HOWTO archive and reference your code

Archiving and referencing properly your source code an important step to support Open Science and to comply with the Know Your Software principle (KYSW). This page provides a concise checklist to do so seamlessly using Software Heritage.

Step 1: prepare your public repository

  • add a README file
  • add an AUTHORS file
  • add license information in one of the two recommended ways
  • (optionally) add a codemeta.json file containing machine readable metadata (can be produced using the CodeMeta Generator

It is now an accepted practice to also add markdown versions of the README file, but please keep the AUTHORS and LICENSE files as plain text.

Step 2: save your code in Software Heritage

There are several ways to ensure your code is archived, depending on your preferred workflow, and where it is hosted. They are summarised below, pick the one that fits you best.

Manually through the updateswh browser extension

For projects hosted on Bitbucket, GitHub, or any GitLab instance, archival is best triggered manually in just one click by installing the dedicated Updateswh browser extenstion, available for Chrome and Firefox.

Manually through the save code now form

  • go to the Software Heritage save code now page
  • choose the appropriate version control system in the drop-down list (git, svn and hg are currently supported)
  • enter the code repository reference URL
    N.B. this must be the url that allows you to clone or checkout your project from the repository! Double check it by cloning/checking out your project in a temporary directory with the appropriate commands if in doubt. Here are examples for git, svn and hg:

    • git clone <your url>
    • svn checkout <your url>
    • hg clone <your url>
  • click on the Submit button.

Automatically, via the API

It is possible to trigger archival of a repository programmatically through the Software Heritage API, and this enables you to make archival part of any development workflow. If you use one of the many popular code hosting platforms, we recommend that you use the specific API endpoints designed for the webhooks of these platforms: look at the documentation for the Bitbucket endpoint, GitHub endpoint, GitLab endpoint (and all its instances), and SourceForge endpoint. On GitHub you can also use a GitHub action, that may be simpler to configure, but keep in mind that it uses way more resources behind the scenes than a webhook call, for the same end result.

Step 3: reference your code

To properly reference your code, use the Software Heritage identifier (SWHID), that can be obtained from the Software Heritage archive, as shown below.

Getting the SWHID of a full directory

Navigate to the directory you are interested in (you can use the browser extension to quickly find the archived repository), and pull out the red Permalinks tab, as shown in the image below, then copy the SWHID identifier, or the permalink to the clipboard, for insertion in your documents.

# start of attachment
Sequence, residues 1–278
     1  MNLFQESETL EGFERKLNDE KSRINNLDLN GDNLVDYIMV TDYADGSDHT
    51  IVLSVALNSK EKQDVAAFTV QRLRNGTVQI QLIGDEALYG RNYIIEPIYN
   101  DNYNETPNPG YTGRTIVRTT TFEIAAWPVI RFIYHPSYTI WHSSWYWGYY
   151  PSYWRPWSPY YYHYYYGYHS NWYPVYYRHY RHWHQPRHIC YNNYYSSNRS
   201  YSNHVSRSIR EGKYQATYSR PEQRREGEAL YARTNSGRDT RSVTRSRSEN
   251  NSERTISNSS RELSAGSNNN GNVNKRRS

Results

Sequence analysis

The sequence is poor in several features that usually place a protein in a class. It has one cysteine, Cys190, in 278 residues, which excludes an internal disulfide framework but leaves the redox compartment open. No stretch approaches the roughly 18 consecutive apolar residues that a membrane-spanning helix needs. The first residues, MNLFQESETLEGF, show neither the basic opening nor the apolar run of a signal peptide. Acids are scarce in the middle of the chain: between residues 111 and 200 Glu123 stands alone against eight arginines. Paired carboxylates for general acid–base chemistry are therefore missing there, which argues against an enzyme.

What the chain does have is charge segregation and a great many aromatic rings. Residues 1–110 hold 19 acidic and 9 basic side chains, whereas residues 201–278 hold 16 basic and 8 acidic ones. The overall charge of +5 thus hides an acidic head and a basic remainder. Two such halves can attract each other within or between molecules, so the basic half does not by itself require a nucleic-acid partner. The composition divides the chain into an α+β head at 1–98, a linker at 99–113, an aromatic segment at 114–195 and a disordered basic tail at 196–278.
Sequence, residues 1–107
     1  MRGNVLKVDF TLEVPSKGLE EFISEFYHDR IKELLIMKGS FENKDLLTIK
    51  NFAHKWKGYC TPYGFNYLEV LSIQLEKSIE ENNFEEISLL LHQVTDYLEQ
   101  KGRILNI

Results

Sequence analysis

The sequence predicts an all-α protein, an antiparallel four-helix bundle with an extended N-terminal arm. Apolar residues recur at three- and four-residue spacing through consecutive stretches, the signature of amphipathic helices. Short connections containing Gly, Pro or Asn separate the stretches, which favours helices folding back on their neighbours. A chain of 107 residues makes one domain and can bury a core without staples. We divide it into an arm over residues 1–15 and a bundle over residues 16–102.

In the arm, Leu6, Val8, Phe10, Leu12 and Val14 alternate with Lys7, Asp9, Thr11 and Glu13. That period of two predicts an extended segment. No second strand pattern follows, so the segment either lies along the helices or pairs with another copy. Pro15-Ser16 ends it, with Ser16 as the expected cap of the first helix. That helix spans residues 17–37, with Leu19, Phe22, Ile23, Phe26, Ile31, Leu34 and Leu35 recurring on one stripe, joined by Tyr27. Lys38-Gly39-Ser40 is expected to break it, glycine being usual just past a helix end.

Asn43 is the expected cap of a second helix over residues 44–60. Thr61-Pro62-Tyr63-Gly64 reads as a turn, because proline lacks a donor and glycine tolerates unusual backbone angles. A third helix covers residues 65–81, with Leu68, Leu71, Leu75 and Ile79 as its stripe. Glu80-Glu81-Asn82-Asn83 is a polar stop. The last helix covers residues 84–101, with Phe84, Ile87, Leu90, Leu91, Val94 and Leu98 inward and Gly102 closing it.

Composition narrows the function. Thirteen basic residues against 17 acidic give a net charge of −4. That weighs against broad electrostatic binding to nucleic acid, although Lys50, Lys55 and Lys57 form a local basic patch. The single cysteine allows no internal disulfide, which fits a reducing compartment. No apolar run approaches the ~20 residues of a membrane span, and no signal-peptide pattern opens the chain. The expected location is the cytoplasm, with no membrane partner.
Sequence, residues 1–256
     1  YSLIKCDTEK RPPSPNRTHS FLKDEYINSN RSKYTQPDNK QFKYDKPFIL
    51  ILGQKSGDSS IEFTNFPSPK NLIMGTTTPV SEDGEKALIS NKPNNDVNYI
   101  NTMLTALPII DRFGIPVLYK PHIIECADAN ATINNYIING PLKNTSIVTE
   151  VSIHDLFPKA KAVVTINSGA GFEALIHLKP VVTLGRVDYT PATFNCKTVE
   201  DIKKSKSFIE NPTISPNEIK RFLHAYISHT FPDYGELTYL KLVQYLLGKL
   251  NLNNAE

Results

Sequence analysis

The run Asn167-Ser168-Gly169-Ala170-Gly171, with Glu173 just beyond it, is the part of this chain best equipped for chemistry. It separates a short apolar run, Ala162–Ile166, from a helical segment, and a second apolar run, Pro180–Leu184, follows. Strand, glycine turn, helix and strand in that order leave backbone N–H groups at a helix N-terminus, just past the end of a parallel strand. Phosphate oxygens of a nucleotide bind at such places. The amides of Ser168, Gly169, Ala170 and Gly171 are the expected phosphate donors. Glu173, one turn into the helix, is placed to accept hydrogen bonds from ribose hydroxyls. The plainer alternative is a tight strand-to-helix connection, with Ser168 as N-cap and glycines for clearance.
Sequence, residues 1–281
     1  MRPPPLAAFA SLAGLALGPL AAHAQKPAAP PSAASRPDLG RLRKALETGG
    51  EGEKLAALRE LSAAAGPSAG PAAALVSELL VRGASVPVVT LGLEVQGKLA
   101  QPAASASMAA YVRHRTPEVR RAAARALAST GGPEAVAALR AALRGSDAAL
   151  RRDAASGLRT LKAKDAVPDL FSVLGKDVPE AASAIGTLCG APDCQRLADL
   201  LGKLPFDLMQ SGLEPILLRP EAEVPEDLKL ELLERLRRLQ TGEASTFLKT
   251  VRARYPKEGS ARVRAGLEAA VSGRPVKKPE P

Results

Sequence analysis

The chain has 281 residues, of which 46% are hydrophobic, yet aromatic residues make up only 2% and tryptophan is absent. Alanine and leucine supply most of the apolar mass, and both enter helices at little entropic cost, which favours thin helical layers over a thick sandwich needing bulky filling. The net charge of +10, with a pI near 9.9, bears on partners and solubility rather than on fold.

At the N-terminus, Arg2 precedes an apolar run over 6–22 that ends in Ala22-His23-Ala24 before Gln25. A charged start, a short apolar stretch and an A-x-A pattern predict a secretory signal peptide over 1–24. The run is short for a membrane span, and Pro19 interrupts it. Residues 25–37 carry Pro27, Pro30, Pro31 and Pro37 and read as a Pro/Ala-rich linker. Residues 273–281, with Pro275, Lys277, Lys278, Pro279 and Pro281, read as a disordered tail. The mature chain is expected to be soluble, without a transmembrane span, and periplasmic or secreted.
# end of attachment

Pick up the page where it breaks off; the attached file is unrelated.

Get the SWHID of a directory

Getting the SWHID for a code fragment

You can also get the SWHID of a file, or  a code fragment inside a file. For this, navigate first to the file, select (optionally) the code fragment of interest by clicking on the line number of the first line, and shift-clicking on the line number of the last line. Then, pull out the red Permalinks tab and copy the SWHID identifier or the corresponding permalink.

Getting the SWHID for a code fragment

For LaTeX users

If you use LaTeX for your documents, then you’ll love the biblatex-software package: it lets you produce beautiful bibliographic entries for software, and it supports SWHID natively. Biblatex-software is integrated in CTAN and TeXLive, and works out of the box in Overleaf (here is a template document for the official ACM article style). As of April 2022, biblatex-software is integrated in the ACM article style.

Here is an example of what you can obtain, extracted from the article « Archiving and referencing source code with Software Heritage », ICMS 2020. Try clicking on the links to see the result, watch the tutorial below to learn more, and read the documentation to tweak it to your taste.


[1] [SW] Roberto Di Cosmo and Marco Danelutto, The Parmap library, 2012. University Paris Diderot and University of Pisa. LIC: LGPL-2.0. URL:

[2] [SW Rel.] Roberto Di Cosmo and Marco Danelutto, The Parmap library version 0.9.8, 2012. University Paris Diderot and University of Pisa. LIC: LGPL-2.0. SWHID: <swh:1:rev:0064fbd0ad69de205ea6ec6999f3d3895e9442c2;origin=;visit=swh:1:snp:78209702559384ee1b5586df13eca84a5123aa82>

[3] [SW exc.] Roberto Di Cosmo and Marco Danelutto, “Core mapping routine”, from The Parmap library version 0.9.8, 2012. University Paris Diderot and University of Pisa. LIC: LGPL-2.0. SWHID:  <swh:1:cnt:d5214ff9562a1fe78db51944506ba48c20de3379;origin=;visit=swh:1:snp:78209702559384ee1b5586df13eca84a5123aa82;anchor=swh:1:rev:0064fbd0ad69de205ea6ec6999f3d3895e9442c2;path=/;lines=101-143>